Pelvic Organ / Vaginal Prolapse

Overview:
Vaginal prolapse is a lack of support for the pelvic structures (Uterus, intestines, bladder, rectum) that results in a hernia or bulging of these organs into the vagina. Women with this problem often have the sensation of pressure in the pelvis or “something falling out of me.” In more extreme cases the prolapse is outside the vagina and will block the flow of urine and or bowel movements. The condition is usually painless but can cause “discomfort.” The symptoms tend to worsen as the day progresses and you are up on your feet.

This condition has various degrees of progression. It is a quality of life condition. No one knows exactly why it occurs. It is associated with childbirth, obesity, chronic straining (constipation, heavy lifting), and smoking. It can also occur for no reason at all.

There are both surgical and non-surgical ways to treat prolapse. Traditionally, surgery has had a high failure rate with prolapse coming back almost 50% of the time. The key to proper management of your prolapse is a detained evaluation.

Evaluation of prolapse:
There are multiple portions of the vagina that can be involved in prolapse. It is important to determine which portion(s) of the vagina and what underlying organs (bladder, rectum, uterus, intestines and to what degree)) are involved in your prolapse. Part of your evaluation may involve cystoscopy and urodynamics.

Normal  
Cystocele

Cystocele: protrusion of the bladder into the vagina. It involves the anterior segment of the vaginal wall.

Rectocele

Rectocele: protrusion of the rectum into the vagina. It involves the posterior segment of the vaginal wall.

Enterocele

Enterocele: protrusion of the intestine into the vagina. It involves the apical segment of the vaginal wall.

Uterine prolapse: protrusion of the cervix and uterus into the vagina. It involves the apical segment of the vaginal wall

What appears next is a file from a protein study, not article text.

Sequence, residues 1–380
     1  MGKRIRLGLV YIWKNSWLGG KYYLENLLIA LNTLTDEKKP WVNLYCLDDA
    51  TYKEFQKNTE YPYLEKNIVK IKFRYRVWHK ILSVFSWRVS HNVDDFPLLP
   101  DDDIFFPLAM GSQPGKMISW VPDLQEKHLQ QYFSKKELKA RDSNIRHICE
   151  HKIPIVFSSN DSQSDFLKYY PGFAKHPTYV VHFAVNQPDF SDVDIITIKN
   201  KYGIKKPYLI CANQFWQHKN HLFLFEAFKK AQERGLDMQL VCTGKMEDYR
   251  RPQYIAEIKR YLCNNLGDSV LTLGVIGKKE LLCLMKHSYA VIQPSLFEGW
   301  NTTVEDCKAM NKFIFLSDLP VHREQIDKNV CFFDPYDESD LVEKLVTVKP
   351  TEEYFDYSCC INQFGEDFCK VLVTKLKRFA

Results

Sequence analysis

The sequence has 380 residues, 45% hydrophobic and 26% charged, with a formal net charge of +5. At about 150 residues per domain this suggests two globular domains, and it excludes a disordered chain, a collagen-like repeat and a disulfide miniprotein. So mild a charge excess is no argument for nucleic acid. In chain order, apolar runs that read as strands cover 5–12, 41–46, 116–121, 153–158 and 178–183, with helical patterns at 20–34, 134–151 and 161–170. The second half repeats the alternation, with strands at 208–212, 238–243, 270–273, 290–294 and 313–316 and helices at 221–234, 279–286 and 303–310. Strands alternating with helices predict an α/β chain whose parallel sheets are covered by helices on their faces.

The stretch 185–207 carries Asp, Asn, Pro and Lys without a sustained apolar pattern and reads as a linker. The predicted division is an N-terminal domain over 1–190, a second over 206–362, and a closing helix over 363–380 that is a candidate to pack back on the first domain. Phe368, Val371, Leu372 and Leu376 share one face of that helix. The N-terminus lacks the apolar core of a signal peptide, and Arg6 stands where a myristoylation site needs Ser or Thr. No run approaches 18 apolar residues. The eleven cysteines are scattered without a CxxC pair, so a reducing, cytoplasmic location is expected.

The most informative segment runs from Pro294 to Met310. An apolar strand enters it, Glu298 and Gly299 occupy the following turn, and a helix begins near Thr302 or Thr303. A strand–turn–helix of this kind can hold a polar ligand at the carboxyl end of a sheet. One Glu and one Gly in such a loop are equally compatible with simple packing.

All of these types of prolapse may occur together or separately and to varying degrees. In some cases prolapse does not cause any symptoms. When prolapse is bothersome it is very important to determine what portion(s) of your prolapse is causing your particular symptoms.

Surgery:
Traditionally, surgery is performed either thru the abdomen or thru the vagina and has involves a hysterectomy. Vaginal procedures are most commonly performed. Vaginal repairs traditionally incorporated various plication procedures using the patient's native tissues. These techniques relied upon the hope that the scarring from the surgical repair would be adequate to hold the prolapsed segment(s) of the vagina in place. Unfortunately the failure rate was high.

Advances in the surgical management of prolapse have incorporated the use of biological and or synthetic grafts to augment the patient's deficient tissues. Many new surgical devices have facilitated the use of graft augmentation. Prolapse surgery may be preformed either thru the abdomen or the vagina- there are many factors we use to determine with approach or combination of approaches is right for you.

Non - surgical management:
The pessary is the mainstay of non-surgical management of prolapse. A Pessary is a silicone vaginal insert that holds prolapse in place. Pessaries are available in many sizes and shapes. It is typically inserted and removed by the patient. With a properly fit pessary you wont even know its there.

Pelvic floor exercises (KEGEL EXERCISES)
These exercises help to strengthen the pelvic floor musculature. This exercise will not reverse prolapse but may prevent or at least slow down the progression of prolapse.